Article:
by Justin Grajek
For nearly 20 years, the Wayne Westland, Mich., Corps has partnered with Warm Hearts, a nonprofit organization which hosts community baby showers to educate and provide resources for pregnant mothers.
Warm Hearts was started by Carol Sharp who was haunted by Michigan having the seventh highest infant mortality rate in the country. She was inspired to help pregnant mothers prepare for their babies’ arrivals.
“I came to The Salvation Army here and asked if we could use their building,” Carol said. “We didn’t have any money. We said we’d muster some up, and that was the beginning.”
Carol’s vision was to provide necessities like diapers and bottles alongside educational materials, as well as to host breakout sessions on a variety of topics like breastfeeding and baby safety. With the help of donors, volunteers and community partners, she’s been able to do just that.
“Those little packages are pretty fragile, and it’s a big responsibility to understand what’s happening to them,” said Carol. “The best thing you can do is educate yourself.”
Envoy Andy Barylski, corps administrator, has been working with Carol for 15 years. His wife attended showers when she was expecting their two children. With Carol’s retirement next year, the corps will take the reigns in throwing the community baby showers.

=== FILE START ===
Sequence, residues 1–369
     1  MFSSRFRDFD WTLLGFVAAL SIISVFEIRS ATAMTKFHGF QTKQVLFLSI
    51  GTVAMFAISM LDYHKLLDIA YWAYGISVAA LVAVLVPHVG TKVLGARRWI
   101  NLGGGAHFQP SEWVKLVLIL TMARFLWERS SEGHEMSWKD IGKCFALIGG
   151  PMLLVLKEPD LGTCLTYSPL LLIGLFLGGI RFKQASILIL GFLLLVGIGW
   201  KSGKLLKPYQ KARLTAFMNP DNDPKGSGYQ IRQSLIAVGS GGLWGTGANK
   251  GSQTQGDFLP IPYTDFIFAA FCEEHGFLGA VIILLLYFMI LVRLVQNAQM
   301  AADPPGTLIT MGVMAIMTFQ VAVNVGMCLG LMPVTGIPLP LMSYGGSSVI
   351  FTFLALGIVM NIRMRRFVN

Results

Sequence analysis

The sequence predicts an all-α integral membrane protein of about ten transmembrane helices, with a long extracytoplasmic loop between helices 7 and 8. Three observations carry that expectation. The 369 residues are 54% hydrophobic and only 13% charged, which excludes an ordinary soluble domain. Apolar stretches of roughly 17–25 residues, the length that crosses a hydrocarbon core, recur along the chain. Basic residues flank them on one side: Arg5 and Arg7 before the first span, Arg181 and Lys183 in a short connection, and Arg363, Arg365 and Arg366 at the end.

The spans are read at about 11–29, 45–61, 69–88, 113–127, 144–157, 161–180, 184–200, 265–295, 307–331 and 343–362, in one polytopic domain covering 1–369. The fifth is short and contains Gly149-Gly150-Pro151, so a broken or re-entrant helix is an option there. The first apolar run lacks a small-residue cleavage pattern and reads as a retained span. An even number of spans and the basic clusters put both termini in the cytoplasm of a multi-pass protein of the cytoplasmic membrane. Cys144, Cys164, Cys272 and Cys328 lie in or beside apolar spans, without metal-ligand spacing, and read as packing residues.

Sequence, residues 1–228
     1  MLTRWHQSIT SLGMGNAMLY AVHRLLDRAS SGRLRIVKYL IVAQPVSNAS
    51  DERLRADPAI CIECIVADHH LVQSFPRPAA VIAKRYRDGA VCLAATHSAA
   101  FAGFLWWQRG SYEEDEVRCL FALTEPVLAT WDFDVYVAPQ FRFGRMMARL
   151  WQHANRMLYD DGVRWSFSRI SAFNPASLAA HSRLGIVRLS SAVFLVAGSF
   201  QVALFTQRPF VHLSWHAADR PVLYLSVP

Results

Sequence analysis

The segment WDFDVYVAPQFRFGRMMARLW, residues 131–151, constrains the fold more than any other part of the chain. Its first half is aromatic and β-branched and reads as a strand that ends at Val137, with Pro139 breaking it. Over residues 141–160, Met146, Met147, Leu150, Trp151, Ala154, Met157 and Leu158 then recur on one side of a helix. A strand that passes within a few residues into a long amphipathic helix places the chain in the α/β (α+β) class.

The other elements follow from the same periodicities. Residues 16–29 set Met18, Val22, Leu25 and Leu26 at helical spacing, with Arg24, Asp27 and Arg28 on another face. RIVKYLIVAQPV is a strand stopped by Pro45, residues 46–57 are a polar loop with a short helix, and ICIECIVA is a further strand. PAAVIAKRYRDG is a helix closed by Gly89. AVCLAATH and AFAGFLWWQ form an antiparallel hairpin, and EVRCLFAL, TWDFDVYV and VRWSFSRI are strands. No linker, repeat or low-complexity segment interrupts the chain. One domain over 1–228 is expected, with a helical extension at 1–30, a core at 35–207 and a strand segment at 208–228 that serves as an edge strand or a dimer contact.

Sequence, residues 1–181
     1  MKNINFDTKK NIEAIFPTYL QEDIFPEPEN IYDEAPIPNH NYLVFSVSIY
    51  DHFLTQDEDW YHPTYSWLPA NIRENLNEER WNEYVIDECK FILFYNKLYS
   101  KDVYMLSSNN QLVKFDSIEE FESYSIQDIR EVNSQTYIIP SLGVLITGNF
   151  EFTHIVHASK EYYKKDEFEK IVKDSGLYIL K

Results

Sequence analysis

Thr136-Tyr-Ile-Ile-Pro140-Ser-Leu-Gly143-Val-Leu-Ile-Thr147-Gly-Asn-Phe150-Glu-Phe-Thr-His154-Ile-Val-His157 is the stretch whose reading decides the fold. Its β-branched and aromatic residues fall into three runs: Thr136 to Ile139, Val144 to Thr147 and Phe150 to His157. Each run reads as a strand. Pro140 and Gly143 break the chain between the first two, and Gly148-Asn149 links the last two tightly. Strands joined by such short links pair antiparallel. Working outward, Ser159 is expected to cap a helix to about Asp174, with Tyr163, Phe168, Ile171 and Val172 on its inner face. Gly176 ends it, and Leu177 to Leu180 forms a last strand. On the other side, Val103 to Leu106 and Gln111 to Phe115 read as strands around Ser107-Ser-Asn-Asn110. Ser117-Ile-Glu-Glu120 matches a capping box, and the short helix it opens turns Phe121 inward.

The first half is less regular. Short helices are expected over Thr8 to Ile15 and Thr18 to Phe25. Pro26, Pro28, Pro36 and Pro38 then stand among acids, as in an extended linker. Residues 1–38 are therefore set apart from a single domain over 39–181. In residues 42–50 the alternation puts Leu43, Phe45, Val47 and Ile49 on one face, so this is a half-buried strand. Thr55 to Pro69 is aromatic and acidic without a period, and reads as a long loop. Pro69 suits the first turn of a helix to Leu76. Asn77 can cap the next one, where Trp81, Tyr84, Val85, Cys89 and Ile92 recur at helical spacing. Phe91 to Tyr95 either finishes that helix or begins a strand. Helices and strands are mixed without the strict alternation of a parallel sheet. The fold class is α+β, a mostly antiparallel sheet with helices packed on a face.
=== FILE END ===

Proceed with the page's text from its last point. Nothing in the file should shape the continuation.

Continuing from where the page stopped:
“Giving ladies hope is what I’ve seen,” Envoy Andy said. “As The Salvation Army, we really want to embrace that.”
The showers have gained steady support from the community throughout the years. At one shower the mayor drove up in a pickup truck full of diapers to distribute. This year volunteers from Ford Motor Company’s Women of Ford Finance (one of its diversity, equity and inclusion groups) helped to ensure the shower ran smoothly. A community action agency also provided a grant which paid for some of the items distributed.
Schquwana Troup is grateful, saying the showers have helped her prepare for the arrival of her children.
“This is the third community shower I’ve been to,” she said. “Just trying to gather a few things, you know. It was kind of hard during COVID money-wise, so this is a good thing for the community.”